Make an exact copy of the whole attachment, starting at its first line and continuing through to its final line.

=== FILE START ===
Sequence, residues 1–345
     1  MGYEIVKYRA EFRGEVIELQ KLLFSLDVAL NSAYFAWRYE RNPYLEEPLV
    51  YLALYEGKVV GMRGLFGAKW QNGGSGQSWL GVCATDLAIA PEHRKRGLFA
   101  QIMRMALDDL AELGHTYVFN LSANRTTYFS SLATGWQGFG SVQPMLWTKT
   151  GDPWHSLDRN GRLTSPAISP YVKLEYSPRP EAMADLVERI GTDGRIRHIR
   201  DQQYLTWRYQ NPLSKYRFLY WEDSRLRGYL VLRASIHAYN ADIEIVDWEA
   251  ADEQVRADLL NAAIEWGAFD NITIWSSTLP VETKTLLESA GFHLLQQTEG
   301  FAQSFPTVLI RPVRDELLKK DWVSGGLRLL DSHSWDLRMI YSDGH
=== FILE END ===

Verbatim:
Sequence, residues 1–345
     1  MGYEIVKYRA EFRGEVIELQ KLLFSLDVAL NSAYFAWRYE RNPYLEEPLV
    51  YLALYEGKVV GMRGLFGAKW QNGGSGQSWL GVCATDLAIA PEHRKRGLFA
   101  QIMRMALDDL AELGHTYVFN LSANRTTYFS SLATGWQGFG SVQPMLWTKT
   151  GDPWHSLDRN GRLTSPAISP YVKLEYSPRP EAMADLVERI GTDGRIRHIR
   201  DQQYLTWRYQ NPLSKYRFLY WEDSRLRGYL VLRASIHAYN ADIEIVDWEA
   251  ADEQVRADLL NAAIEWGAFD NITIWSSTLP VETKTLLESA GFHLLQQTEG
   301  FAQSFPTVLI RPVRDELLKK DWVSGGLRLL DSHSWDLRMI YSDGH